A significant Jerusalem Day: You do the math


Jerusalem long art vue ville (photo credit: © Marc Israël Sellem)
Jerusalem long art vue ville
(photo credit: © Marc Israël Sellem)
■ JERUSALEM DAY is a bit like Purim in that although it has a specific Hebrew calendar date, it is celebrated before, during and after; and, unlike religious holidays, it continues through to its Gregorian calendar date and even beyond. The bottom line is that there will be a lot of celebrating in the capital, even though 45 as an anniversary number doesn’t mean much unless you do what the rabbis do with numerology and gematria to make something seemingly insignificant, significant. So here goes: Four and five is nine. Twice nine is 18, which is the gematria for life, so this particular anniversary of Jerusalem Day is imbued with life.
Although the major celebrations will take place on Sunday, May 20, several have already taken place. Among them were Singing Jerusalem, a community sing-along at the Uri Zvi Greenberg Center that was held on Wednesday, and the Hebrew University’s Journeys of the Mind, which started yesterday and will continue today.
On Sunday morning, the Temple Mount Faithful will once again try to make an ascent on the Temple Mount in a march that will leave from Ammunition Hill. At 6 p.m. there will be a meeting of the new generation of Jerusalem activists at the Smadar Cinema in the German Colony, with several speakers led by Yehuda Oppenheimer, the CEO of Ir Amim. Later in the evening, there will be a megaconcert at Sacher Park with entertainers Aviv Geffen, Berry Sakharof, Hadag Nahash, Idan Raichel, Mosh Ben-Ari and Sarit Hadad.
On the spiritual side, the chief rabbis, heads of yeshivot, religious members of political parties and other public figures will gather at Merkaz Harav, where the musical interlude will be provided by Musa Berlin and his band.
On Monday night, there will be singing and dancing in Safra Square.
Synagogues throughout the country are celebrating Jerusalem Day at Shabbat services this weekend.On Saturday at the Great Synagogue, Jerusalem-born Rabbi She’ar Yashuv Cohen, the Ashkenazi chief rabbi emeritus of Haifa, will deliver the sermon.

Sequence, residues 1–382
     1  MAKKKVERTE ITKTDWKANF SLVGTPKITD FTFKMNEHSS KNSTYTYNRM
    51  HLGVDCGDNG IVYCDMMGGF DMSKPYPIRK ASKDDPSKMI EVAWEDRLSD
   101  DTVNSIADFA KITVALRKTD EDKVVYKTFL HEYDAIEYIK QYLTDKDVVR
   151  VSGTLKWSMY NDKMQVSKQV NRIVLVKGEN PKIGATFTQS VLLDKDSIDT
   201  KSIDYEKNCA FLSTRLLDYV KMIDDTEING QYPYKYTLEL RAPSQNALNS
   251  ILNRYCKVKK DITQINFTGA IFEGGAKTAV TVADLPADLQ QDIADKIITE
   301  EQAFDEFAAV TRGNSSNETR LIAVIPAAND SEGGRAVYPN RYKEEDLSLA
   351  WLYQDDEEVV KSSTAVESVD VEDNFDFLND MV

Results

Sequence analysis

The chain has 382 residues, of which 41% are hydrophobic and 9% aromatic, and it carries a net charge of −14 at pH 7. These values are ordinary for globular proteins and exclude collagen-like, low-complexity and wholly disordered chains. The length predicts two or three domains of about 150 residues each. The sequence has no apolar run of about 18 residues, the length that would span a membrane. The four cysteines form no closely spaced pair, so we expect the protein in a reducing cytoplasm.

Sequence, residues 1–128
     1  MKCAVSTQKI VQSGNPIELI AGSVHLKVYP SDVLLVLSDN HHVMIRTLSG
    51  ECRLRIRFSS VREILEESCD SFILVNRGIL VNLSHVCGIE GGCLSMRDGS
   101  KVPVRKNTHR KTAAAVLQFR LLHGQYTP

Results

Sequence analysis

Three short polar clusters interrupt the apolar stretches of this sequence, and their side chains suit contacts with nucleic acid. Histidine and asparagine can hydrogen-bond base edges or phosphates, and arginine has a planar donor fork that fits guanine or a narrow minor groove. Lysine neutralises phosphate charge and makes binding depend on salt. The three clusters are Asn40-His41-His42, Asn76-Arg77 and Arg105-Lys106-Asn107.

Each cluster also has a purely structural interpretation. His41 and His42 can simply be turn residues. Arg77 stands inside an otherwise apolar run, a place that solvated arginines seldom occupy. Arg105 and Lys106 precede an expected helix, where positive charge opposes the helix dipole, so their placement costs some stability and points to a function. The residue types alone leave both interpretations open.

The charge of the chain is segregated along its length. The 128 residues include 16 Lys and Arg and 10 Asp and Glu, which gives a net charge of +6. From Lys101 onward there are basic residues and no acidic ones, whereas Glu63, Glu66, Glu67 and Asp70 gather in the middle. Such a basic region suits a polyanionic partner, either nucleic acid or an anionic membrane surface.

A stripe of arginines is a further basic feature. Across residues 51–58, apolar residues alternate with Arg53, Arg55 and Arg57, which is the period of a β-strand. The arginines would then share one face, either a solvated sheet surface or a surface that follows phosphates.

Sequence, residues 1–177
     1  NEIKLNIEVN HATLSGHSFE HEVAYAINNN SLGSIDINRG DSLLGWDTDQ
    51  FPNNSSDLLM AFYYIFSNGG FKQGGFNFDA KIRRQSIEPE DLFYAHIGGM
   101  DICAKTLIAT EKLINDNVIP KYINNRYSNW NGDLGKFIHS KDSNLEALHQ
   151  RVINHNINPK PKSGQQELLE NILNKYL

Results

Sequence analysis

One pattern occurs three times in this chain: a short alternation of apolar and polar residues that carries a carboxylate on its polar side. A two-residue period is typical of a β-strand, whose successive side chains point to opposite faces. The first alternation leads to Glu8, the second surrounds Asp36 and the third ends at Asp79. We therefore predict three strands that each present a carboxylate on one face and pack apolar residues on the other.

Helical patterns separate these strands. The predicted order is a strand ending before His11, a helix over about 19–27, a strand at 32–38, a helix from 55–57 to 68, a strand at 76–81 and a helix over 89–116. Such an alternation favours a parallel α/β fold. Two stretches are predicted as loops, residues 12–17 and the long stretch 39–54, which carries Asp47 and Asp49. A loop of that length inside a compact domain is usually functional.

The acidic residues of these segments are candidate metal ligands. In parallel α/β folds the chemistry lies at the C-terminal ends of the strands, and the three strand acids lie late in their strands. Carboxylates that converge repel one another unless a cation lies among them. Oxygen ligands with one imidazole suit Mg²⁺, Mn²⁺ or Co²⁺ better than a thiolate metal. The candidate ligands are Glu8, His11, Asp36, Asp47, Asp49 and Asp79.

Cohen fought in the Old City during the War of Independence and also defended Gush Etzion. Mayor Nir Barkat is also expected to attend the service and to address the congregation.
Both Hanassi Synagogue and Hatzvi Yisrael will have a festive Shabbat celebration with the Ramatayim Men’s Choir conducted by Richard Shavei Zion. The choir will participate in a Carlebach style service on Friday night at Hatzvi Yisrael and will be at Hanassi for morning services on Saturday. In the afternoon, the choir will be back at Hatzvi Yisrael, which is hosting a special seuda shlishit (Third Meal) celebration in honor of its founding president, Prof. Hillel Blondheim, who is being conferred with the title of Distinguished Citizen of Jerusalem. In addition, there will be a guest speaker, Rabbi Yisrael Ariel, who is founder and head of the Temple Institute in the Old City. He fought in the Six Day War and was among the first Israeli paratroopers to reach the Western Wall. When Rabbi Shlomo Goren, then the chief rabbi of the IDF, blew the shofar at the wall soon after it was captured, it was Ariel who recited the memorial prayer for the fallen.
■ AFTER BUILDING a supermarket empire, branching out into real estate development and then communications, Rami Levy is now embracing another project – the revitalization of Atarot, where he owns two large adjacent properties on which he intends to build a shopping mall. The question is just how many shopping malls and shopping centers can the population of Jerusalem support? Almost every neighborhood these days has a mall or a long row of shops.
By the same token, many stores are being vacated with no immediate signs of new tenants. Mayor Nir Barkat is trying to impose sanctions against foreign owners of luxury apartments.
What is he going to do about the ghost town commercial areas?